1. Economics
September 30, 2014

Ill-thought out blogpost thanks teachers for choosing Uber to provide their second income

By City Monitor Staff

So here’s an entry for the Jesus-H.-Christ-are-you-f*&^ing-kidding-me? file: a blog post from technoshaman car hire revolutionaries Uber, praising US teachers for being so badly paid that they’ve started driving cabs in their spare time.

The blog, posted by “Lindsey” on 4 September, purports to “celebrate the educators who are also our Uber partner drivers”. Temping for the car hire firm, it goes on, 

“…provides teachers with the flexibility and opportunity they need to continue creating a foundation of excellence for students across the country.”

Which is kind of nice, I guess. Uber’s just praising hardworking teachers, right? It’s not as if it’s patronising them for being so desperate for income that they’ll turn to-

“Every day teachers are asked to do more with less, constantly faced with new challenges and limited resources. Uber opens the door for more possibilities and delivers a meaningful impact to the communities we serve.”


There’s more, if you can bear to trawl through it. There’s a line explaining why teachers’ unique skills and personal qualities make them the perfect people to be driving a cab in their spare time:

Content from our partners
The key role of heat network integration in creating one of London’s most sustainable buildings
The role of green bonds in financing the urban energy transition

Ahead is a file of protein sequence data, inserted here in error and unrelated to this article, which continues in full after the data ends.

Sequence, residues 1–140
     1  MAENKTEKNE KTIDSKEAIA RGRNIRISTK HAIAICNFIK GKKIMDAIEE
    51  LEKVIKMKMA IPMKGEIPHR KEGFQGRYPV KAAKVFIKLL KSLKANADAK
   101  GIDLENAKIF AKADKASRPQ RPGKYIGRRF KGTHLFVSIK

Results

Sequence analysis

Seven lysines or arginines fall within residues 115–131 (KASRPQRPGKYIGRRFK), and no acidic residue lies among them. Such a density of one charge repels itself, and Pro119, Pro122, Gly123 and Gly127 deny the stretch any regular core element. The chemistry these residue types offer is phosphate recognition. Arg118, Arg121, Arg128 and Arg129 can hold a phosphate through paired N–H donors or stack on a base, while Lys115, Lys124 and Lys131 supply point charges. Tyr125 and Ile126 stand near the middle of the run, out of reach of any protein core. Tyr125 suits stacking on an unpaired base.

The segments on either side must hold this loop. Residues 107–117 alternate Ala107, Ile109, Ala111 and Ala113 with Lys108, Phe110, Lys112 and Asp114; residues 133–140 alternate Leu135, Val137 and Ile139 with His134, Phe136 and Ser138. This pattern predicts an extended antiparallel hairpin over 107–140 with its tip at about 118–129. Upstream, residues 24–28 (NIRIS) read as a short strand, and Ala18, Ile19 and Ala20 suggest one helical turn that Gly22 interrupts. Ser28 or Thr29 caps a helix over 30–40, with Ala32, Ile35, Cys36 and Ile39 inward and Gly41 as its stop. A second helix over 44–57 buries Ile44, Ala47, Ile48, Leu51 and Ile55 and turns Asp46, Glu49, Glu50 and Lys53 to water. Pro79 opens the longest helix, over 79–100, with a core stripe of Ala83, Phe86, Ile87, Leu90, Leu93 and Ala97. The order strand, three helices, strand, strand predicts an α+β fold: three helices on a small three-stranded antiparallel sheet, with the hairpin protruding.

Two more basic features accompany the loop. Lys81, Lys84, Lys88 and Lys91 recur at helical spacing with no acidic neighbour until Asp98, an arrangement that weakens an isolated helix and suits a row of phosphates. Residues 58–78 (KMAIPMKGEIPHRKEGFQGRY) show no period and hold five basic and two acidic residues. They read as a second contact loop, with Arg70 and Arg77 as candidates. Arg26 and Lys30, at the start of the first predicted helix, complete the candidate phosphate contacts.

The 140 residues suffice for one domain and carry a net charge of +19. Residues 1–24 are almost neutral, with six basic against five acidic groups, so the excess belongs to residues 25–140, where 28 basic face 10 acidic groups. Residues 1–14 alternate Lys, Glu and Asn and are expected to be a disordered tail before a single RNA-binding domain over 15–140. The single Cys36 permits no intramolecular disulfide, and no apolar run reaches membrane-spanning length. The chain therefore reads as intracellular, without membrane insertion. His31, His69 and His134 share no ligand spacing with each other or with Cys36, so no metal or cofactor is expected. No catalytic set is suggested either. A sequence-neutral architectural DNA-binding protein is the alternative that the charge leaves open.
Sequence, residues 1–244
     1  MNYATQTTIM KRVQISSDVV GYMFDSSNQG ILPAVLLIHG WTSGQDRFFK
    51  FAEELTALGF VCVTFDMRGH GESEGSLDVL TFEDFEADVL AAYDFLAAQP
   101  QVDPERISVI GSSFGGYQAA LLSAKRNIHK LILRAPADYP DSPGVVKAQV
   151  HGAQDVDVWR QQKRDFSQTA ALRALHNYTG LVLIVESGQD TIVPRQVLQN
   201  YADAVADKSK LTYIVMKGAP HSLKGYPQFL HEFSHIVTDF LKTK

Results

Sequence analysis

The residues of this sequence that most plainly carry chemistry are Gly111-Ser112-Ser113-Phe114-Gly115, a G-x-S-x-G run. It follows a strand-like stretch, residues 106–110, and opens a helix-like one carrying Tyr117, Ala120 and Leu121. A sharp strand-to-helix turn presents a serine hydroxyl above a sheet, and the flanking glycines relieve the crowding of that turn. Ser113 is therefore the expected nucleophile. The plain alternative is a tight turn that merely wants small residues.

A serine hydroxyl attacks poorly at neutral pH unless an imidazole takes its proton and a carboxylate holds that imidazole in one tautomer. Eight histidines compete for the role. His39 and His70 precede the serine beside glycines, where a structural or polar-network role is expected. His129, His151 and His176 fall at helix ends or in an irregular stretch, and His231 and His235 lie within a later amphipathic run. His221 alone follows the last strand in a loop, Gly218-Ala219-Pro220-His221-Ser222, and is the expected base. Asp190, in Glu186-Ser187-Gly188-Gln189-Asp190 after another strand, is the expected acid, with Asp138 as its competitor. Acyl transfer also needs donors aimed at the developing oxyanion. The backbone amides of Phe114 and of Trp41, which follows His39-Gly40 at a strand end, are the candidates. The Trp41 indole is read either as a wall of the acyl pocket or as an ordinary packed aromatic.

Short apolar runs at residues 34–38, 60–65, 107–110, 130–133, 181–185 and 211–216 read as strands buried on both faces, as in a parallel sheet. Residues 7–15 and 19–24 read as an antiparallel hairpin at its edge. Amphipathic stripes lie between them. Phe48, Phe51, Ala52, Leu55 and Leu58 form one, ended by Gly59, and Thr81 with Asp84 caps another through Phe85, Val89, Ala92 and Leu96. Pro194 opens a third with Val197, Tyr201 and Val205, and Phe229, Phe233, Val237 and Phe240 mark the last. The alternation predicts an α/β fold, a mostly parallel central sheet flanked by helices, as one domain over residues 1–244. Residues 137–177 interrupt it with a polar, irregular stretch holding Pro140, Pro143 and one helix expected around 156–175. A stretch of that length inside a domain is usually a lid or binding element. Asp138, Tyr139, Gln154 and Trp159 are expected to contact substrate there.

The need to grow London's EV infrastructure at speed and scale

“Teachers are among the most dedicated, passionate and hardworking professionals – a few of the qualities that make the best Uber partner drivers.”

There’s the bit where Uber recasts its enthusiastic international empire building as nothing more than an attempt to help schools:

“We’ll continue to invest in providing opportunities for educators in cities around the world – recognizing the need for more income options on their own terms.”

There’s even a logo (with chalk writing!):

And there’s this panglossian quote from teacher “Jenny Hochmiller”, who tells us cheerfully:

“Teachers, in general, need a little bit more money. With Uber, I get to pick when I want to drive and how much money I want to bring in. I can be a great teacher and make both happen.”

Or to put it another way:

The blog ends by telling us that Uber’s “partners” are “your drivers, neighbors, teachers, and community members… We want to share their inspiring stories with you”. Inspiring stories of not having quite enough money to live on, repurposed as marketing copy, by the world’s most exciting new start-up.

Thanks, Lindsey. Thanks, Uber. Thanks for everything.


This article is from the CityMetric archive: some formatting and images may not be present.
Websites in our network